In the Name of Spartacus – Part II

[Part I]

The opportunity came a few years after the foundation of Spartak. The team was called for an exhibition in the Red Square in front of high-ranking officials on 6 July 1936, the Sportsman’s Day. The originally planned half-a-hour demonstration match against Spartak reserves was extended to 43 minutes, as Stalin himself was truly delighted by the game. Needless to say, this exacerbated the hate of Berija towards Spartak.

The Dynamo honorary president seized the day in 1942, when he ordered the arrest of Nikolaj Starostin, accused of having plotted to assassinate Stalin six years before. Berija had no better evidence than a picture, found in Starostin’s flat, showing the Spartak team passing close to Stalin inside a football-boot-shaped car. However ludicrous, this was sufficient to condemn all four Starostins to ten years ina GULag, a sentence then considered a let-off, as Simon Kuper wrote in “Football Against the Enemy”. Berija’s was not just convicting four men – they were the symbol of Spartak, the only independent major club, cheered by millions of Soviets.

Being the most popular Soviet footballer, Starostin was almost untouchable in his years in prison and in every GULag he served as football coach. A twist of fate, he did so for the various Dynamo teams connected to the NKVD headed by Berija. Everyone was listening to his epic stories and football really resembled a heaven of peace for those who were prosecuted by the regime. However, this is the romantic side of the story. As Jonathan Wilson states in “Behind the curtain”, Nikolaj had cordial relationships with football authorities and probably the reason of his incarceration lied in a simple fraud.

Once the age of terror ended in 1953 with Stalin’s death and Berija’s execution, the Starostins were released from the gulags and returned to Moscow. Nikolaj regained the helm of Spartak and made them one of the most successful clubs in the Soviet Union. The “Red-and-Whites” knew the humiliation of their first relegation in 1976, but they were immediately back to the top flight under the management of Konstantin Beskov, an iron sergeant who would emerge as the main antagonist of Valerij Lobanovskij in the 1980s.

It was in this decade that the glorious Spartak history was soiled with blood by a sort of Soviet Hillsborough. The team faced Dutch side HFC Harleem in the UEFA Cup round of 32 and played the first leg in the Lenin – nowadays Lužniki – Stadium on 20 October 1982. As 10,000 fans showed up in that freezing night, the police decided to jam them in just one sector.

Spartak took the lead and eventually added a second in the final minutes, while some fans were leaving the icy stands and approaching the exit. As they heard the crowd roaring, they turned back but encountered other fans walking in the opposite way. Being squeezed in a confined space as the officers refused to open other gates, many fans lurched in the darkness and were deadly walked over. Official reports said 66 people died, although other sources suggest the number of victims was much more higher. The tragedy was not publicly disclosed until the years of perestrojka and glasnost’ and only in 1990 a commemorative monument was placed outside the venue.

The decade commenced with the invasion of Afghanistan and ended with the fall of the Berlin Wall, however, was also marked by a funny episode. Soviet newspaper Izvestija reported in 1988 that Spartak were negotiating the signing of Argentinian star Diego Armando Maradona for $6million. Later, the paper admitted that the story, published on April fool’s day, was untrue.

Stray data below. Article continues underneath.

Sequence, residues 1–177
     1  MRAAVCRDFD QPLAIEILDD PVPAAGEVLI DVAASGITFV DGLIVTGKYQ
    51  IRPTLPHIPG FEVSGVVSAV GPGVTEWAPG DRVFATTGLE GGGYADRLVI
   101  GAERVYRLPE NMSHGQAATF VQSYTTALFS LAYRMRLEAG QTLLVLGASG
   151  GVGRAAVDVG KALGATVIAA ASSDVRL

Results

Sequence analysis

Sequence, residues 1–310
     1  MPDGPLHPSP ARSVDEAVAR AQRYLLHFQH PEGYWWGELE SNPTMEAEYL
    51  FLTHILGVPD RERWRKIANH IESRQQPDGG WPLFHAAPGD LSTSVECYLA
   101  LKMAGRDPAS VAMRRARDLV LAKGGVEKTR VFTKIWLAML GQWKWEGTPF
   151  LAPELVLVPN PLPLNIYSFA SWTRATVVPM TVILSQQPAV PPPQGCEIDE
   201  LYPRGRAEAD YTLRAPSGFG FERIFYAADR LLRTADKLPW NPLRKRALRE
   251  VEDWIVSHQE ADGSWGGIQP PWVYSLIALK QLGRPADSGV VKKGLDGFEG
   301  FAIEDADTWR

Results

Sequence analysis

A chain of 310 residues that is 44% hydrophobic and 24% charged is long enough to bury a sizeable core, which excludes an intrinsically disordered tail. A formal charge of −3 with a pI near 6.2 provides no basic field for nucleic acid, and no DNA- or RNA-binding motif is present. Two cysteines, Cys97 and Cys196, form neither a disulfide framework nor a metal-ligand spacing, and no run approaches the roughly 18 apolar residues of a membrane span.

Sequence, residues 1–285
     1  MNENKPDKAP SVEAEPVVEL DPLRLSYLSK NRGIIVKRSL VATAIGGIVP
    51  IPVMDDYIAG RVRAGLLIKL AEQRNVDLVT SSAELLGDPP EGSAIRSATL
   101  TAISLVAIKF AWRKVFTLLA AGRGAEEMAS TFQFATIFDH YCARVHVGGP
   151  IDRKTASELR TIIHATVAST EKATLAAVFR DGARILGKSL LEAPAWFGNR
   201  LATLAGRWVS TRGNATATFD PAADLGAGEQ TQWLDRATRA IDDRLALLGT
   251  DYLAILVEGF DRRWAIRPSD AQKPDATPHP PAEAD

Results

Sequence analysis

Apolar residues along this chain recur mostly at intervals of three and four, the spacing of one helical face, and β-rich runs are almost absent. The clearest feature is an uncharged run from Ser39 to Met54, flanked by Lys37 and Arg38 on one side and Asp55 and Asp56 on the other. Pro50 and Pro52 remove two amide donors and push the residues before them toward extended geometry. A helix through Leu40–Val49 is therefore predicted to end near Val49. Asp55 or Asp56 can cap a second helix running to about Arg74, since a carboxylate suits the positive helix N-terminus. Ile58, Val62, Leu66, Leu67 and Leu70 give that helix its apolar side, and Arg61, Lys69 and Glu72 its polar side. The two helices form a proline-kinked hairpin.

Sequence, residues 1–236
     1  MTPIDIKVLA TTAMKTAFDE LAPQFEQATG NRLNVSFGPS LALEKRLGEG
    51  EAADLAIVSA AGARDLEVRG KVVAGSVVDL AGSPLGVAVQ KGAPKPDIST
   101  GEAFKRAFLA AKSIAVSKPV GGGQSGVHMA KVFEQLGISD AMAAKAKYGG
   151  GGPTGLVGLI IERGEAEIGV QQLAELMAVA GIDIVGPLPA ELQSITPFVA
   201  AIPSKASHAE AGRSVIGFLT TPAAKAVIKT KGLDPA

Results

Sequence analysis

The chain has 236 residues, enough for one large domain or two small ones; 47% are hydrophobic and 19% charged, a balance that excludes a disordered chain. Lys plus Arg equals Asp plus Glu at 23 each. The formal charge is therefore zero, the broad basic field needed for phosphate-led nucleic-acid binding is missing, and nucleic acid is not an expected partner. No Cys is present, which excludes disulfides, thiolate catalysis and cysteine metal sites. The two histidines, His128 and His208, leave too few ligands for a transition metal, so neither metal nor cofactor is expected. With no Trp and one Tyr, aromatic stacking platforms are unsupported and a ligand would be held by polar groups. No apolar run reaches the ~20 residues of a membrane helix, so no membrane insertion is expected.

The collapse of the Soviet Union was supposed to coincide with a new era for football in Russia. Still, Spartak continued to dominate the scene and won all but one national title from 1992 to 2001. Manager Oleg Romancev, appointed in 1988 to replace Beskov, turned out to be both blessing and curse.

He began launching gifted players like Egor Titov and Valerij Karpin and leading Spartak to compete in the glamorous Champions League, this portraying him as the ideal successor of the Starostins. Later on, he became the club president and even the main shareholder, so that he could not be sacked. The first problems arose after the controversial dismissal of Il’ja Cymbalar’ and Andrej Tichonov, two key players.

Being the national team manager at the same time, he lost the control of all this power and made the club sinking with him. An alcohol-addicted, Romancev deteriorated his relationship with Russian media and even screen out after a trial a young Jurij Žirkov. New main shareholder Andreij Červičenko finally sacked him in 2003. Meanwhile, a doping scandal involved Titov (pictured right) – traces of bromantan, a stimulant used by Soviet soldiers in Afghanistan, were found in samples given by him – and other players. The decline was inexorable.

Nowadays Spartak are still winless, due to the emergence of other teams such as Zenit Saint Petersburg, CSKA Moscow and Rubin Kazan’ backed by the new Russian sugar daddies . The team, who had become “official, ostentatious and shovy” under Romancev according to Russian journalist Igor Rabiner, appeared to have lost their free soul. They are now backed by oil giant Lukoil and one of its shareholders, Leonid Fedun, is the club chairman. On a good point, the team will finally manage to abandon the Lužniki, which still recalls the 1982 tragedy, and to move in another facility after years of resistence by Moscow council.

Yet, the fans are going on by supporting their favourites who are still the most popular side. As Nikolaj Starostin used to say in hard times, “everything is lost, except honour”.


(2 – the end)

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One Response to In the Name of Spartacus – Part II

  1. Pingback: In the Name of Spartacus – Part I | Górski Park

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